By Katie Botkin
For years, I traveled to Portland, Ore., to take fusion bellydance classes at Rachel Brice’s Datura studio, then the center of the universe for tribal fusion — a fluid, muscular style that takes inspiration from anything and everything, and melds it with the shimmies of more traditional belly dance.
Traveling to Portland seemed a relatively short distance, since I met women there who had flown from South America and Europe for classes. Later, after almost dying in childbirth and taking a forced break from dancing, I discovered that Datura teacher Ashley Lopez had moved from Portland to Sandpoint, and was teaching a class half a block from my house.
Lopez specializes in contortion, flexibility and, amazingly enough for my postpartum body, rehab. I had no real way of explaining how fortuitous this seemed, since the whole thing was so niche — a lightning strike invisible to most of the world.
Lopez performs both regionally and internationally, and has toured 26 countries performing solo and with well-known bands such as Beats Antique, an electronic festival-scene ensemble best known for featuring dancer-musician Zoe Jakes.
Lopez is now heading up the North Idaho Bellydance Fest on Saturday, Sept. 9, with fellow teacher Nafabit, the winner of last year’s national Bellydancer USA competition. I’m performing at the 7 p.m. show featuring various professional dancers, in the building where I used to attend church as a homeschooled teenager.
And this is the thing about North Idaho: It’s a land of contrasts. I’ve taken skills learned for home-making, and made jingly silk costumes to promenade across the stage where I once listened to a pastor sermonize against the evils of women looking too enticing.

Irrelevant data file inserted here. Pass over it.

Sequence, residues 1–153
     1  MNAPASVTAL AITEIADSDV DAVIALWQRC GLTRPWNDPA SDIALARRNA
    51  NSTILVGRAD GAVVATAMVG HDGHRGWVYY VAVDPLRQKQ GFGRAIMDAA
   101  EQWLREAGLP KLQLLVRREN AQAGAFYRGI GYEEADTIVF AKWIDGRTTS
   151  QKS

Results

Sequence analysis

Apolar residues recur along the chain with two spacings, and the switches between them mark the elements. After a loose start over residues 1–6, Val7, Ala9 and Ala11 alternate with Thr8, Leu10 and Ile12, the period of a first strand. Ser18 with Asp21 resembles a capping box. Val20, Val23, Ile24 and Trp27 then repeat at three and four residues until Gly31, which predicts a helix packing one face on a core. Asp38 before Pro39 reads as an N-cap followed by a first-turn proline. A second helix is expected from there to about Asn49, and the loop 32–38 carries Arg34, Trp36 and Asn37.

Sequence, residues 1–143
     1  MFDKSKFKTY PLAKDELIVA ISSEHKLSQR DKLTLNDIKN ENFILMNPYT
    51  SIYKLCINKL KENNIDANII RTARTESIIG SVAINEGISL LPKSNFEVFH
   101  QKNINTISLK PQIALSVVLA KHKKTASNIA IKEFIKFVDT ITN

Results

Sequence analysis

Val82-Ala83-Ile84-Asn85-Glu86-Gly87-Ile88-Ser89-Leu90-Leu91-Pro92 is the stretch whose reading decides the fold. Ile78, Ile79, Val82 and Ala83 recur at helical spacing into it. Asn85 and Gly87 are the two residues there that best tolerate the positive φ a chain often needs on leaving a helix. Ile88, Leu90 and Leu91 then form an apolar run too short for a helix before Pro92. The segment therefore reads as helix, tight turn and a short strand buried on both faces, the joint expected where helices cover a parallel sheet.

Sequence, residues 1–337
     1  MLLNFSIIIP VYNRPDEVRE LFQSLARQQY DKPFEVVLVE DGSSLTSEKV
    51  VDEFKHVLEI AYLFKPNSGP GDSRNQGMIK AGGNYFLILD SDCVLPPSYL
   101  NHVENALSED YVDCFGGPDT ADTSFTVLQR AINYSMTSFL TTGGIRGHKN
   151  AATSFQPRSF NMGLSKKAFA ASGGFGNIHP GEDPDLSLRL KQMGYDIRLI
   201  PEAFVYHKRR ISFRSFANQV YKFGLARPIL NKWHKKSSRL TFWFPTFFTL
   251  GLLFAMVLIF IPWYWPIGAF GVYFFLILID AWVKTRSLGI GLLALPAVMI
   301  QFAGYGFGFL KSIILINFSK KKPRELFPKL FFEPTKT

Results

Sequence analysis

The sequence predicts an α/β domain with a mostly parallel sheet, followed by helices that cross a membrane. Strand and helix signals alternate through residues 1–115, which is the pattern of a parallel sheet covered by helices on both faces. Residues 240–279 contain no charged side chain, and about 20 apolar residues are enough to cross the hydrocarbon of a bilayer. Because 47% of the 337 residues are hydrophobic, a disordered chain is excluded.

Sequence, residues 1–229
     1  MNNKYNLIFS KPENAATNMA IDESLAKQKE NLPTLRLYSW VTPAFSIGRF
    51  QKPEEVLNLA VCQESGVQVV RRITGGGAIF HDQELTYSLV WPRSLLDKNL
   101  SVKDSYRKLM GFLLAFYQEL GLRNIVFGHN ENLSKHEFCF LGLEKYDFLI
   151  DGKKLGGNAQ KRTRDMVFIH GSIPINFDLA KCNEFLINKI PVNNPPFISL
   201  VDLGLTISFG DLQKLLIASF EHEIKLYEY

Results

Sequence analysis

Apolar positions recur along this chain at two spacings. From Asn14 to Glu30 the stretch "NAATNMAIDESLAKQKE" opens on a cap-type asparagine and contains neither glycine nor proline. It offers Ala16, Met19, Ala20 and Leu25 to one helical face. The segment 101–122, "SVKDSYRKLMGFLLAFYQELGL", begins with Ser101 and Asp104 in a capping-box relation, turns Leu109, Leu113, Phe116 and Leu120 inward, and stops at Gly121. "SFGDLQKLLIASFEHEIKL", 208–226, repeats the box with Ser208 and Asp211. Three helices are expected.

Lopez moved here precisely because Sandpoint offers such contrasts. Or as she puts it, “a combination of country living, kind people, a thriving arts community, incredible nature and all four seasons.”
Lopez got her start in bellydance decades ago while she was studying to be an opera singer. She fell into tribal fusion by accident and quickly became obsessed.
“I went to every class, every festival, every workshop, every performance opportunity, then I took every teaching opportunity,” Lopez said. “The community was so supportive. I got hooked up with my two main dance teachers, Zoe Jakes and Rachel Brice. Both offered me incredible support, took me on tour and had me teach at their studios, where I got great exposure.”
Since moving to North Idaho, Lopez has been equally as generous with her support. A few months after I met her — with my abdominal muscles re-stabilized and hips realigned from her classes — she invited me to perform at her home studio in Selle Valley.
While the snow fell on the farm outside, I talked with Nafabit, a Spokane-based bellydancer who specializes in more traditional forms and competes internationally in them. When I met her in 2021, she had just won the Bellydancer of the Universe’s gold medal.
I also met Charles Bommarito, an accomplished drummer whom I immediately asked to accompany me on live drums sometime. He said yes, and now is joining me onstage at the Pearl.
“Bellydance traditionally can be done with just a drum, so it seems like a natural pairing,” he said. “Drumming and dancing.”
The people Lopez has met here play a large role in how she performs and teaches.
“Against all odds, moving to Sandpoint was yet another great career move,” she said. “I’ve been offered just as much opportunity for artistic growth and business as I did when I moved to the Bay Area and then to Portland. Sandpoint is a special place, and the Pearl Theater in Bonners has also offered generous support. I am grateful to be here.”
Katie Botkin is an international writer and regional dancer based in Sandpoint.
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